vBrownBag (http://vbrownbag.com/)

This is where you learn about the latest in tech or get additional help for certification exams. These are 80% online and 20% real life. vBrownBag is a volunteer organization of people trying to help others learn virtualization technologies. Most known for publishing free YouTube videos on all sorts of topics, they are sometimes sponsored to organize live TechTalks at major conferences, such as VMworld. I found this community through word of mouth, fell in love with the format and general vibe, and became a presenter, and later crew member. Getting involved with vBB has been one of the greatest experiences of my life – it’s a lot of positive energy all around. This is where you can not only get better, but also make friends all over the world!

BONUS: https://www.youtube.com/watch?v=D6EXOppwAOM – Ariel’s vBrownBag interview with me in my first month working as VMTN Community Manager at VMworld.

 

vExpert (https://communities.vmware.com/community/vmtn/vexpert)

This is what you get for helping others – and being a vExpert is awesome! The vExpert program is directly run by VMware to recognize champions for VMware technologies. Those that attain the award get access to perks such as home lab licenses, vendor perks (the Pluralsight subscription is my favorite) but most importantly access to a lot of folks who in many ways are on the bleeding edge of VMware technologies. I love helping people aspiring to make vExpert – reach out on twitter and I will be more than glad to help you! Check out a more thorough explanation of vExpert, including my past submissions, here: https://sites.google.com/site/arielsanchezmora/home/vmware/vexpert

Want to see what the vCommunity looks like? Ariel shared some awesome photos: https://drive.google.com/drive/folders/0B0f3j2qpiltMZGJqOGFQUXBseVU?usp=sharing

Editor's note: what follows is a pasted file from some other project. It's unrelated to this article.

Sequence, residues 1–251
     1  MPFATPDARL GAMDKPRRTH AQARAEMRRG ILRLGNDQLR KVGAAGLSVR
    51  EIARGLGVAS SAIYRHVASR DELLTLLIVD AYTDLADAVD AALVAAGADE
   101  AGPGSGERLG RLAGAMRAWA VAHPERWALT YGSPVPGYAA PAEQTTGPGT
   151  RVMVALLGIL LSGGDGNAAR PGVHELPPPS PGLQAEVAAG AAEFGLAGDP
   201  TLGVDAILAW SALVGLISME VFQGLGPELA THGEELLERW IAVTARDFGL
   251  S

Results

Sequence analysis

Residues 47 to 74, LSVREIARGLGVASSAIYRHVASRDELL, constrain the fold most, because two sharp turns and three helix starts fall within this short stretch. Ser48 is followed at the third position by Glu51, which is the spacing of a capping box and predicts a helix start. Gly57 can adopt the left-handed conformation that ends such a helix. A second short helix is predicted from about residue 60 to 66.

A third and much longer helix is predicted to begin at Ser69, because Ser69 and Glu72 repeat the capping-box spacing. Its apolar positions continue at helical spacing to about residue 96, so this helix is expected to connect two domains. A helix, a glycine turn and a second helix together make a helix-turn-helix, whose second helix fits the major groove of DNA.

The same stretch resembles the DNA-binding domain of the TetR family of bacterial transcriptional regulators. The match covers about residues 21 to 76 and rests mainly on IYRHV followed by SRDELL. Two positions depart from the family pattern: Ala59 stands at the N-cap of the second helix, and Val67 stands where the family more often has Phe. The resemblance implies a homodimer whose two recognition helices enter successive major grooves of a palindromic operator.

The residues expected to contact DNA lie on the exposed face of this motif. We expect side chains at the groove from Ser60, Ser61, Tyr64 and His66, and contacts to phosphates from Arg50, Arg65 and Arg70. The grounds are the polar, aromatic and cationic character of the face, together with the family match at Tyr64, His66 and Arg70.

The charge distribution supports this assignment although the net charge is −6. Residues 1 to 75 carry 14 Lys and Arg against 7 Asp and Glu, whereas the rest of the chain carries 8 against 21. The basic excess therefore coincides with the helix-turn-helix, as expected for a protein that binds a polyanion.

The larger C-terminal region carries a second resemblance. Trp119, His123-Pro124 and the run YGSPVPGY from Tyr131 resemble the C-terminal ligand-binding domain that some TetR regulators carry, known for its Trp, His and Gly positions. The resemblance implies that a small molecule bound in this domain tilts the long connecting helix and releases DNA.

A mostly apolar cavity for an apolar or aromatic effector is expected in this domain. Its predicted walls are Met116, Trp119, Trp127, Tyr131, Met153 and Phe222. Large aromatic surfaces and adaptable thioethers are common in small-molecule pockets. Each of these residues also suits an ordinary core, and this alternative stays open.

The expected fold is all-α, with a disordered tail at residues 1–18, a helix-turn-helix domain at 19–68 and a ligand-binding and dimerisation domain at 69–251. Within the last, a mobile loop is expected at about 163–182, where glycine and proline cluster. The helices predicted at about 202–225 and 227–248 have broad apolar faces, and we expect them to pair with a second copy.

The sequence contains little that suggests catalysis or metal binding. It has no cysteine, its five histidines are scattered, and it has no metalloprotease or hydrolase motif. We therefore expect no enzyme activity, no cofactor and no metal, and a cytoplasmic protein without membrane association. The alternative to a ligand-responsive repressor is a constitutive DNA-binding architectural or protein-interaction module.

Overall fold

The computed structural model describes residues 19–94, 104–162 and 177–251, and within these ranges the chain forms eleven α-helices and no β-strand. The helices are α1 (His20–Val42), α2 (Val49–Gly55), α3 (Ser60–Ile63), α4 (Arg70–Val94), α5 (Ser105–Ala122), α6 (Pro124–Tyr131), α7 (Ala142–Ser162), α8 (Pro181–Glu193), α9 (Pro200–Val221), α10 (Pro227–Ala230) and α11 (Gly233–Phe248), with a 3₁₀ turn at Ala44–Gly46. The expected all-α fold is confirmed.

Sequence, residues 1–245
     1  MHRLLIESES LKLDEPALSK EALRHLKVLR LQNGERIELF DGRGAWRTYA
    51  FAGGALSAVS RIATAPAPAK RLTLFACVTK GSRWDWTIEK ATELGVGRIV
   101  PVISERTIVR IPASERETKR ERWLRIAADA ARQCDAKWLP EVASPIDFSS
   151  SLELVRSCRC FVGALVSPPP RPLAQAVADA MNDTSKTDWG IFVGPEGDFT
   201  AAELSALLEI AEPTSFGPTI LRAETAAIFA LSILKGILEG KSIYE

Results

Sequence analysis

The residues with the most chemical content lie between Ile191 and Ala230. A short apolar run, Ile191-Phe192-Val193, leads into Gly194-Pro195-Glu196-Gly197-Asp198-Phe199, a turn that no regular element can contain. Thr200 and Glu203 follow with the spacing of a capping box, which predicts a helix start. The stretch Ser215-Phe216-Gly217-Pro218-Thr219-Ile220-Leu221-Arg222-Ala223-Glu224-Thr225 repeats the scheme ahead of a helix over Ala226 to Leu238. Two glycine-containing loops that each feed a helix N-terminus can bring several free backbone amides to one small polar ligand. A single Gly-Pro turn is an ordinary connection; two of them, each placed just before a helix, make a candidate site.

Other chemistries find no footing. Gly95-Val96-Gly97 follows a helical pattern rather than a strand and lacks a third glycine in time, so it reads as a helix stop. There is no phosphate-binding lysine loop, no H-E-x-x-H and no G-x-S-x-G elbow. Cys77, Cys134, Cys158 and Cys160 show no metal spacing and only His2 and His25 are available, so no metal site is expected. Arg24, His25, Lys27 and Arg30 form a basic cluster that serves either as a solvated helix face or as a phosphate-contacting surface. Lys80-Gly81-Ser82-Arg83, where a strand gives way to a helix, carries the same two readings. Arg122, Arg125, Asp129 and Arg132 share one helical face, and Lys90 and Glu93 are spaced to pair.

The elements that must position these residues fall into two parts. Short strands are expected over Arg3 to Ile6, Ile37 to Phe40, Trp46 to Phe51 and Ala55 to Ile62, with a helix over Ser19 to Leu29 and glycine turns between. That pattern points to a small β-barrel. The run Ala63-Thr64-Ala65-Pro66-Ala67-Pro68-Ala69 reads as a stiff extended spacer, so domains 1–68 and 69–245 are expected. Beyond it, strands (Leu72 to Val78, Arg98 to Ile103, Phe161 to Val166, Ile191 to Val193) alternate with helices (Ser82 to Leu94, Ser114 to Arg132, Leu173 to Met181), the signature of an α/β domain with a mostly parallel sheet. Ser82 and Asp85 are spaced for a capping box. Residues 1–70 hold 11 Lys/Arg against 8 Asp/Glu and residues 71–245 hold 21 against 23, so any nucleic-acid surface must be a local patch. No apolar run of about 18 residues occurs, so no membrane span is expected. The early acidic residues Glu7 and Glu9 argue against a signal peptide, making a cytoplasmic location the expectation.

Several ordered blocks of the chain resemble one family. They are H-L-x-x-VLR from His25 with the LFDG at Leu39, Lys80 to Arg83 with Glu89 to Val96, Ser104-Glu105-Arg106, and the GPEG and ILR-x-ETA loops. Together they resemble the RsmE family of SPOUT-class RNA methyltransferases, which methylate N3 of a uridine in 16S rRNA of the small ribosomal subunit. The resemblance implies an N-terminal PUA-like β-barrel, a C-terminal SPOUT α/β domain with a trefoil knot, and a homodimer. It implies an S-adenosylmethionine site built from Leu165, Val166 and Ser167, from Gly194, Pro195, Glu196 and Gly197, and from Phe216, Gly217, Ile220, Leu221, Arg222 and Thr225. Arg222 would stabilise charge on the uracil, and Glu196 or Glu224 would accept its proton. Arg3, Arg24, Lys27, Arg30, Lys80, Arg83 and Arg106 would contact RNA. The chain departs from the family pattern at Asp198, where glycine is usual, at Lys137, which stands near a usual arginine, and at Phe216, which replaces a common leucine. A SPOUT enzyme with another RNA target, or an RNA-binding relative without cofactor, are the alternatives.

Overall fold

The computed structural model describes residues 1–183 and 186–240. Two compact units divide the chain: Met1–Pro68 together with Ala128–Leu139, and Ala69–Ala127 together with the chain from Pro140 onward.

Thank you, Ariel! To get in touch with our newest Community Warrior, follow him:

On Twitter: @arielsanchezmor

On VMTN: @arielsanchezmor

On his blog: arielsanchezmora.com

And don’t forget to submit your nomination for the next valiant Community Warrior by reaching out to me on VMTN, @KTbradley, or emailing your nomination to katieb@vmware.com.

The post A Dynamite and Dynamic Community Warrior appeared first on VMTN Blog.

Source: VMware VMTNBlog – http://feeds.feedburner.com/vmware/VMTNBlog

VMware at the Open Networking Summit in Santa Clara, CA

The Open Networking Summit (ONS), taking place April 3-6, is the industry’s premier open networking & orchestration event. This year’s show in Santa Clara will gathers Enterprise, Cloud, and Service Providers to share insights, highlight innovation and discuss the future of the open source networking technology.

ONS

As an active participant in the open networking space, it’s no surprise that VMware will be at the conference, hosting a variety of sessions around everything from containers to the Open vSwitch project. Take a closer look below:

 

Container Networking – A Deep Dive

Monday April 3rd, 9am-10am

Speaker: Gaetano Borgione, Sr. Engineer, Cloud-Native Architecture, VMware